An estimated 150 women, some of them pregnant, have been executed by Islamic State fighters in the western Iraqi province of Al-Anbar for refusing to become sex slaves to the militants.
The Anadolu news agency reports following the executions, which were carried out in Fallujah, ISIS militants buried the victims in mass graves in one of the city's neighborhoods.
"At least 150 females, including pregnant women, were executed in Fallujah by a militant named Abu Anas Al-Libi after they refused to accept jihad "marriage," a statement from Iraq's Ministry of Human Rights said. "Many families were also forced to migrate from the province's northern town of Al-Wafa after hundreds of residents received death threats."
The reports adds that Mmany Iraqi children have died after their families were forced by ISIS militants to flee to the desert.
Western Iraq is currently under the control of the Islamic State, which has viciously purged the region of Christian and Yazidi minorities. ISIS fighters regard themselves as entitled to use captured women as sex slaves, viewing them as "spoils of war."
"When a child or a woman is taken captive, they become slaves by the fact of capture, and the woman"s previous marriage is immediately annulled," explains Christian author and Jihad Watch director Robert Spencer.
"[However] Islam avoids the appearance of impropriety, declaring that the taking of these sex slaves does not constitute adultery if the women are already married, for their marriages are ended at the moment of their capture," he continues.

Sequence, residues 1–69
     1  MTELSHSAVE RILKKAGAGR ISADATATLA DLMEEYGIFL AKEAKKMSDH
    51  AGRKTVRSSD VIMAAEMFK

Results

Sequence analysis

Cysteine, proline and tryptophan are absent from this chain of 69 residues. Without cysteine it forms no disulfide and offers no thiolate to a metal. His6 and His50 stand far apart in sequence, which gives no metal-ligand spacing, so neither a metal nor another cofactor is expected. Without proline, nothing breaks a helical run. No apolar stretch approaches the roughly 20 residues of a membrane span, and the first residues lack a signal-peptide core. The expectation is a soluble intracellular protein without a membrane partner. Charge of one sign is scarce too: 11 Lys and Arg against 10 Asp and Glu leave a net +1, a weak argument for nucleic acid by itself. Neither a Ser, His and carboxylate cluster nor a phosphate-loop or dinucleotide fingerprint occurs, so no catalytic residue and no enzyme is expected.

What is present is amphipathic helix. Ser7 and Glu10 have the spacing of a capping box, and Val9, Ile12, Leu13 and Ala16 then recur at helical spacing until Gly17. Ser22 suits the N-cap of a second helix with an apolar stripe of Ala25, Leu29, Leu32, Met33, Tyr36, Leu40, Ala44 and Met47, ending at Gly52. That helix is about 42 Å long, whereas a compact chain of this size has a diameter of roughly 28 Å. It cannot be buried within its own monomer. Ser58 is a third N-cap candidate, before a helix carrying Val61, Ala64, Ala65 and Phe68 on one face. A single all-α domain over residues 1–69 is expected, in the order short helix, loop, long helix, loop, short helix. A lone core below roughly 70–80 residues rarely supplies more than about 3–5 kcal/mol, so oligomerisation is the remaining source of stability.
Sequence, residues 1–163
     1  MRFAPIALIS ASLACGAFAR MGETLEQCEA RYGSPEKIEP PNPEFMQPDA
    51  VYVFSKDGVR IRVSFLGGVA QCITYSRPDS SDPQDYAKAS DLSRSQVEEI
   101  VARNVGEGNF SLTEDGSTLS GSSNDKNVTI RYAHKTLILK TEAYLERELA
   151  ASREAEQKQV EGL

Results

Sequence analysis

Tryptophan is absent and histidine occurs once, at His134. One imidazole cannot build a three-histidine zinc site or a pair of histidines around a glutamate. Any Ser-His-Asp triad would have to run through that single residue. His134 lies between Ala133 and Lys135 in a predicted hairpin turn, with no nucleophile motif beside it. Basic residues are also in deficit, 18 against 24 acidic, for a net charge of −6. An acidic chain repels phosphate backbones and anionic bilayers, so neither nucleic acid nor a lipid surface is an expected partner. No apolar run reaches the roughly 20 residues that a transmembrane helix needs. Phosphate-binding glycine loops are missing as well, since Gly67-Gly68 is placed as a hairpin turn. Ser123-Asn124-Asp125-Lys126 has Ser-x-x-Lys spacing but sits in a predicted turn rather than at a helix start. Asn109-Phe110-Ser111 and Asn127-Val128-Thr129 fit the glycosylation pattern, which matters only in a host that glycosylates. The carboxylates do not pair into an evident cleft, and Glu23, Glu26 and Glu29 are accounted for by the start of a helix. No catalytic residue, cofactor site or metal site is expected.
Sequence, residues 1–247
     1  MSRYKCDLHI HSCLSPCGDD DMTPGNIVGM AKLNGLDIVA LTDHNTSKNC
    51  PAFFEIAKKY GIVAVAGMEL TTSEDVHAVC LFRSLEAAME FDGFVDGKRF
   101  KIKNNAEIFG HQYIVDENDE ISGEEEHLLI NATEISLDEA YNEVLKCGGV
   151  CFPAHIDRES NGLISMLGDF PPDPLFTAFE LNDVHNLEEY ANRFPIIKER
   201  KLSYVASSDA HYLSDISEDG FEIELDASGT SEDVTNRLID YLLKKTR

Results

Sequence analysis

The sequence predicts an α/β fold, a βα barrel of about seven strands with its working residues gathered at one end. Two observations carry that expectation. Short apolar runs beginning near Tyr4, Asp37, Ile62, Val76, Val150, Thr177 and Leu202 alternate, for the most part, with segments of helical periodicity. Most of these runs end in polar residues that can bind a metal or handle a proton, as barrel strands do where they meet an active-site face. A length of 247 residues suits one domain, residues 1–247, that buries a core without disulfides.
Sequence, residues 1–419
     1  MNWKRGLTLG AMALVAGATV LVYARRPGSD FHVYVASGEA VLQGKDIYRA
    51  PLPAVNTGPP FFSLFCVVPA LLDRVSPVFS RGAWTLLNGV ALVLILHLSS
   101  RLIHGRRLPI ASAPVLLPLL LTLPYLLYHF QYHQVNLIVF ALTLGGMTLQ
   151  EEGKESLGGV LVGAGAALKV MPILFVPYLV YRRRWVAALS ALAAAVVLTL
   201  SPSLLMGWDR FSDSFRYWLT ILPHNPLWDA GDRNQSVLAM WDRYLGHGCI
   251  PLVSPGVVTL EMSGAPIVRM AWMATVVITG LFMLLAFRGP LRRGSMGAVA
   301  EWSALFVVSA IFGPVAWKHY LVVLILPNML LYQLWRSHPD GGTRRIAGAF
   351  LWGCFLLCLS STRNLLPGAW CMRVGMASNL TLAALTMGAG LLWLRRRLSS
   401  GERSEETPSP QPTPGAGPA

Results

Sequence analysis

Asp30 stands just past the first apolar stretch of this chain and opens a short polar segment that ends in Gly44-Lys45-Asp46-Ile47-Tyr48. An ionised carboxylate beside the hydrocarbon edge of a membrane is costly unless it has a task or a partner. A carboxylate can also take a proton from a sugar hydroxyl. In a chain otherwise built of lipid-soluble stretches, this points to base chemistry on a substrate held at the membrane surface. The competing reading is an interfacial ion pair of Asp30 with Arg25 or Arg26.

In September, ISIS militants abducted between 1,500 and 4,000 women and children from the Christian and Yazidi community, according to the U.S. State Department.
A sobering report released in November reveals that not only are the militants forcefully marrying the captured women, they are also selling girls as young as one years old into sex slavery to fund their army.
The document, issued by ISIS, shows a full list of prices as well as some basic rules for who was permitted to buy the girls and when. It also claims that anyone violating the price controls will be killed, the Iraqi News reports.
Islamic State militants have justified its enslavement of Christians in its online magazine, "Dabiq."
"One should remember that enslaving the families of the kuffar -- the infidels -- and taking their women as concubines is a firmly established aspect of the Shariah, or Islamic law," the group announced.
UN high commissioner for Human Rights Zeid Ra'ad al Hussein has said if defeated, ISIS militants will be punished harshly for their crimes.
"The array of violations and abuses perpetrated by ISIL and associated armed groups is staggering, she told the Daily Mail, "and many of their acts may amount to war crimes or crimes against humanity."